Author, academic, and adventurer, Denise Inge grew up in a large and rambunctious family on the east coast of America. She crossed the Sahara, charmed snakes in Marrakech and cycled the Adirondack mountains, but her latest adventure is an interior one. It starts with the discovery that her house is built on a crypt full of human skeletons. Facing her fear of these strangers' bones takes her to other charnel houses in Europe and on a journey into the meaning of bones themselves. This exploration, though it began before her diagnosis with an inoperable sarcoma, takes on a new significance when the question of living well in the face of mortality abruptly ceases to be hypothetical. A Tour of Bones is a passionate testament to the conviction that living is more than not dying, and that contemplating mortality is not about being prepared to die but about being prepared to live.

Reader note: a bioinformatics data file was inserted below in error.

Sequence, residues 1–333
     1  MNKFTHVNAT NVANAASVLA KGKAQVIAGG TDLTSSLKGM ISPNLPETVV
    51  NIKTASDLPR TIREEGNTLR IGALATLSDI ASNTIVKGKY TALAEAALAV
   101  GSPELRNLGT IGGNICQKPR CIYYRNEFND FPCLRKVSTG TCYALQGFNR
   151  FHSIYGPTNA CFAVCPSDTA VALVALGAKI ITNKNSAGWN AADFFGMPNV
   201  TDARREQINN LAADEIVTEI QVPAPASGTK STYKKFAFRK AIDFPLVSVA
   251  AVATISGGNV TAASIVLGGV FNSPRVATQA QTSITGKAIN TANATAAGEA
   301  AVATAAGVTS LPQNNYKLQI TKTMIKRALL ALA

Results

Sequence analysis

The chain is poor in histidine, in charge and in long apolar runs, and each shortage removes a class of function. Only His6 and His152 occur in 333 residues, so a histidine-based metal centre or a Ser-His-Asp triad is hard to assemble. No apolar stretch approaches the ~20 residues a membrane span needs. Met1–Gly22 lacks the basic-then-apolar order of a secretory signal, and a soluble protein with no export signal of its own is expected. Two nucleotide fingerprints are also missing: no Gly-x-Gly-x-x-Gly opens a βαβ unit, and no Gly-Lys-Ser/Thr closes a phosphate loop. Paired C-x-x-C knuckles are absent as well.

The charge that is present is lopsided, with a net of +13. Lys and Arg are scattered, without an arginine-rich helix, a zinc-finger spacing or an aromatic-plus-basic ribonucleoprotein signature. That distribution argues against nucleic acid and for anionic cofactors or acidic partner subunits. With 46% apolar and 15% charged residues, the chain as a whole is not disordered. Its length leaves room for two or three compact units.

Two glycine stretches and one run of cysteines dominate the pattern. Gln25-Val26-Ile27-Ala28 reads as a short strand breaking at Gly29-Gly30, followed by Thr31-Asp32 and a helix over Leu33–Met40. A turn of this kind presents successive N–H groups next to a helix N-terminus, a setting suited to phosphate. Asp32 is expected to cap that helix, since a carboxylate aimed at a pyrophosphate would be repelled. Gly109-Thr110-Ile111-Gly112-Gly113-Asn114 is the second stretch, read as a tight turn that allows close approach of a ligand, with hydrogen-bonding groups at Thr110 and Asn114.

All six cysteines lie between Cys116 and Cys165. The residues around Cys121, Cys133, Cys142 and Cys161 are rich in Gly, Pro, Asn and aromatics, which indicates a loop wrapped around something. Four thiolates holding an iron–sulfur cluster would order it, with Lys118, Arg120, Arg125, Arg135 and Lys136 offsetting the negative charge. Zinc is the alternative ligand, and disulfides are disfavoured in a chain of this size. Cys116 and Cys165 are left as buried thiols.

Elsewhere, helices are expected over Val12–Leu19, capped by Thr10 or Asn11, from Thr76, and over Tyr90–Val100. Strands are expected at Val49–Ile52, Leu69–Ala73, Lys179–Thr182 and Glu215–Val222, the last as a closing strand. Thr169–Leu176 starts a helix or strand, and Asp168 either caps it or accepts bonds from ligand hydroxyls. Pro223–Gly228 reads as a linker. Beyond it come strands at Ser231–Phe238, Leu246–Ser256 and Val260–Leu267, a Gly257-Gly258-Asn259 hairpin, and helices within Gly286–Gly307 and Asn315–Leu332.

Having been in love with, and visited Worcester cathedral many times, its archaeology was only partially known to me. The concept of a charnal house fascinated me, so coming across this book, after a chat with the bishop of Worcester, was a delight. The book is beautifuly and elegantly written. It is both thought provoking and thoughtful. Well worth a read.